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Can long term employees get more than 24 months of notice period when terminated from their job?

Reasonable notice of termination is determined differently depending on the facts of each case, but there is no upper limit or 'cap' on reasonable notice. Generally, only exceptional circumstances will support a notice period in excess of 24 months. An increase in reasonable notice awarded by the courts was known as the "Wallace bump" from the case of Wallace v United Grain Growers Ltd. but the law has significantly evolved ever since the Supreme Court decision, Keays v Honda in 2008.

In Keays, the court was convinced Mr. Keays had been badly treated by his employer, Honda. The court awarded Wallace damages extending the notice period from 15 months to 24 months because of the manner of dismissal. In addition, the court awarded $500,000 as punitive damages, a costs premium, and costs. On appeal, the Ontario Court of

Appeal reduced the costs premium and the punitive damages award to $100,000.

When the case reached The Supreme Court of Canada, they quashed the Wallace notice extension, the punitive damages award and the costs premium. The Court also redefined some aspects of the law relating to damages in the context of employment. They found that extending the notice period (i.e. awarding Wallace damages) was not an suitable way to compensate an employee due to the manner of dismissal. There is a common law right to terminate an employment contract by giving reasonable notice, and normal distress and hurt feelings resulting from such termination should not be compensated. Additionally, the Supreme Court found that in order for an employee to recover damages, the damage must have been in the reasonable contemplation of both parties. This means that an employee is only entitled to damages resulting from the conduct of dismissal if the employer engaged in conduct during the dismissal process that is "...unfair or is in bad faith by being, for example, untruthful, misleading or unduly insensitive." Regarding an extension of the notice period, The Supreme Court stated that damages relating to the manner of dismissal should be established by the court compensating for the 'actual damages' sustained, and not by an arbitrary extension of the notice period.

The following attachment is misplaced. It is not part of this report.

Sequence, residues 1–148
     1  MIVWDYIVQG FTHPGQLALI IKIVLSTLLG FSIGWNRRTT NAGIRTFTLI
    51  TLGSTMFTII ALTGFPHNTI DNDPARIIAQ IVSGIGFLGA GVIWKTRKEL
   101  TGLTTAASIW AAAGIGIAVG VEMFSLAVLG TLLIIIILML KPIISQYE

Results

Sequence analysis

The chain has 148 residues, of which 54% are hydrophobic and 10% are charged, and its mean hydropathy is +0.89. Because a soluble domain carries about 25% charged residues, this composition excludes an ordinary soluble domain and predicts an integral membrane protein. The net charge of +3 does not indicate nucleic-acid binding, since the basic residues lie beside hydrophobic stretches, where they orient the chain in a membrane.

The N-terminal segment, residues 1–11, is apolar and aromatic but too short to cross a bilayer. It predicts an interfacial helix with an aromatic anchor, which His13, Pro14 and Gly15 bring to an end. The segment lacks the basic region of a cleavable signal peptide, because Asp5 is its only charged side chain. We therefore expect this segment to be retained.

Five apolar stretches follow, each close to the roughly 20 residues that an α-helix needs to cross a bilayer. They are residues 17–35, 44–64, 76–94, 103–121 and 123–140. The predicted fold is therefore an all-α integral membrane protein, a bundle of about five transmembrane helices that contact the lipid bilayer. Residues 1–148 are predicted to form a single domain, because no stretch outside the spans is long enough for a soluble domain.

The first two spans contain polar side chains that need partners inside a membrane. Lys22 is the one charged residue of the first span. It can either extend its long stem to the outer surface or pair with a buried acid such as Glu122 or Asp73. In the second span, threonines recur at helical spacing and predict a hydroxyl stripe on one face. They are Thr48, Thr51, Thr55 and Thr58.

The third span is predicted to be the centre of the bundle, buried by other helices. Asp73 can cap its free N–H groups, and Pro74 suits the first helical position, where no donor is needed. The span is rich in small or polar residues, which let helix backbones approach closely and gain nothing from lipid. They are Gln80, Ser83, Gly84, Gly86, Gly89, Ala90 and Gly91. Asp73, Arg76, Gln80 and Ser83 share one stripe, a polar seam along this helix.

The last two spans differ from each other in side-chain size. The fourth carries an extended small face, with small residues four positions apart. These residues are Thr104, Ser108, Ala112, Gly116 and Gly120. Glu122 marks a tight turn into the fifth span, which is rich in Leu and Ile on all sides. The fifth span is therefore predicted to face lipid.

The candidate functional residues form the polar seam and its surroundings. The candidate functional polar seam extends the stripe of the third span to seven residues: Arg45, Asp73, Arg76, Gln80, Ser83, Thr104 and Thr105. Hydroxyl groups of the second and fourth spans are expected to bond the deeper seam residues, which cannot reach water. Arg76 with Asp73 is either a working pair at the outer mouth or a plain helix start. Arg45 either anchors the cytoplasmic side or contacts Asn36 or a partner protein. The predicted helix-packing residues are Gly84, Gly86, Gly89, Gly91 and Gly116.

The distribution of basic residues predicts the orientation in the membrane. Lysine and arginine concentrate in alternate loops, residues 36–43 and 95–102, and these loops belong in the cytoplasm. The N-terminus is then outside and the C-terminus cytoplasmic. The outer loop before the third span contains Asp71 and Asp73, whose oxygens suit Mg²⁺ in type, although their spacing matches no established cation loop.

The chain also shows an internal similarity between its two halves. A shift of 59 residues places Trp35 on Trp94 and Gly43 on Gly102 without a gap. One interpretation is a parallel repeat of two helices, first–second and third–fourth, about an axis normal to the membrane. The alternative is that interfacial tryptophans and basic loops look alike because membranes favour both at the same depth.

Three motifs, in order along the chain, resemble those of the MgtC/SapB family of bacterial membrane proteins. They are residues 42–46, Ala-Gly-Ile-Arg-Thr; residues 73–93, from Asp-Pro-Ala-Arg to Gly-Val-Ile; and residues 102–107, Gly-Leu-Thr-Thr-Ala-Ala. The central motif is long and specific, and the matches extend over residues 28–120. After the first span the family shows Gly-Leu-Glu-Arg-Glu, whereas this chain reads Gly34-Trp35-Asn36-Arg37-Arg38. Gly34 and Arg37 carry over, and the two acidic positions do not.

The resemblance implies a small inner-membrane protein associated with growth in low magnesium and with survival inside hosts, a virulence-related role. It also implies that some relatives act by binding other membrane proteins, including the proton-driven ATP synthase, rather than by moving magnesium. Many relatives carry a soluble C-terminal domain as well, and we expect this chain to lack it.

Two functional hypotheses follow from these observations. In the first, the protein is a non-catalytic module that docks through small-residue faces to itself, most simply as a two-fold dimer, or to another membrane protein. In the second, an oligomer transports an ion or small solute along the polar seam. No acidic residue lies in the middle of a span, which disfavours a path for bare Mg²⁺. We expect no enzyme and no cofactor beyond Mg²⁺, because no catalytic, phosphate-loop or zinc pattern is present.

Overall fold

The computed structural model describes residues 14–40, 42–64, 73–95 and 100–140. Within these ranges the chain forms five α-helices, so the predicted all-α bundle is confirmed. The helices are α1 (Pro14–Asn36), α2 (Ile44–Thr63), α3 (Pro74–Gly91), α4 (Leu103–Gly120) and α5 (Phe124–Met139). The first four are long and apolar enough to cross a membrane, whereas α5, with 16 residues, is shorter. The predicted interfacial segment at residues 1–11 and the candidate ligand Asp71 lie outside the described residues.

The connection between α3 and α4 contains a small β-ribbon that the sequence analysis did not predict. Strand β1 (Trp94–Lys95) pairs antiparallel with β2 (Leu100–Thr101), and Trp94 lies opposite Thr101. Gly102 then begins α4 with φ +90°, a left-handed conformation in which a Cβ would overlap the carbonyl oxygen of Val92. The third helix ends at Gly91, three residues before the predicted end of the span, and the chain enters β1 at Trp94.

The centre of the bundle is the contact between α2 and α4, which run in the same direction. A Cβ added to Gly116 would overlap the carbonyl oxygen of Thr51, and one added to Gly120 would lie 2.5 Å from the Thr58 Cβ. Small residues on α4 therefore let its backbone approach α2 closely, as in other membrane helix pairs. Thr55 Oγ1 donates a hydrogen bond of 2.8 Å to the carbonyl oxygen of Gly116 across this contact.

However, despite this Supreme Court decision, some employees have been suing successfully for an extension of the notice period as 'Wallace damages' even after the decision from Keays. This was seen in the Ontario Court of Appeal case of Slepenkova v Ivanov when the Court of Appeal did not overturn a trial decision to award Wallace damages despite the Keays decision.

Additionally, in the case of Peoples v Ontario (Ministry of Training, Colleges & Universities), an employee was terminated without cause after 28 years of employment with the Ontario Government. The termination was preceded by critical comments of the employee's management style and was followed by a reassignment of her role consistent with a demotion. The employee grieved the reassignment under the Public Service Act and the Ministry commissioned an investigation. However, without waiting for the report or the outcome of the grievance, her employer terminated her employment. The Ministry offered a notice period equivalent to 18 months of salary, and the employee brought an action to the Ontario Superior Court of Justice. The Court ordered the Ontario Government to provide 24 months of notice period and an additional 4 months' pay in damages. The reason for the Wallace damages awarded was because the Government terminated the employee's contract without reviewing her performance deficiencies with her, did not grant her the option to improve in her job, and did not follow a progressive discipline approach. As well, the Government did not provide an opportunity for the employee to respond to the investigation findings, did not wait for the outcome of the grievance prior to her termination, and did not offer to her other possible employment options within the provincial government.

Despite the Peoples case, it is important to note that any award of over 24 months of notice period is considered exceptional and any success at trial may be appealed. There have also been cases where no 'Wallace damages' were awarded post Keays in the form of an extension of notice period, therefore, there does not seem to be much consistency in this area of law.

To reach the author of this blog, Jean-Francois Lalonde, email jflalonde@viceandhunter.ca or call 613.232.5773 x 246.

Jean-Francois Lalonde is an Ottawa, Ontario employment lawyer and wrongful dismissal lawyer practicing with Vice & Hunter LLP. He has extensive experience practicing in the areas of employment law and is a part-time professor at La Cité Collégiale teaching Employment Law for Paralegals.

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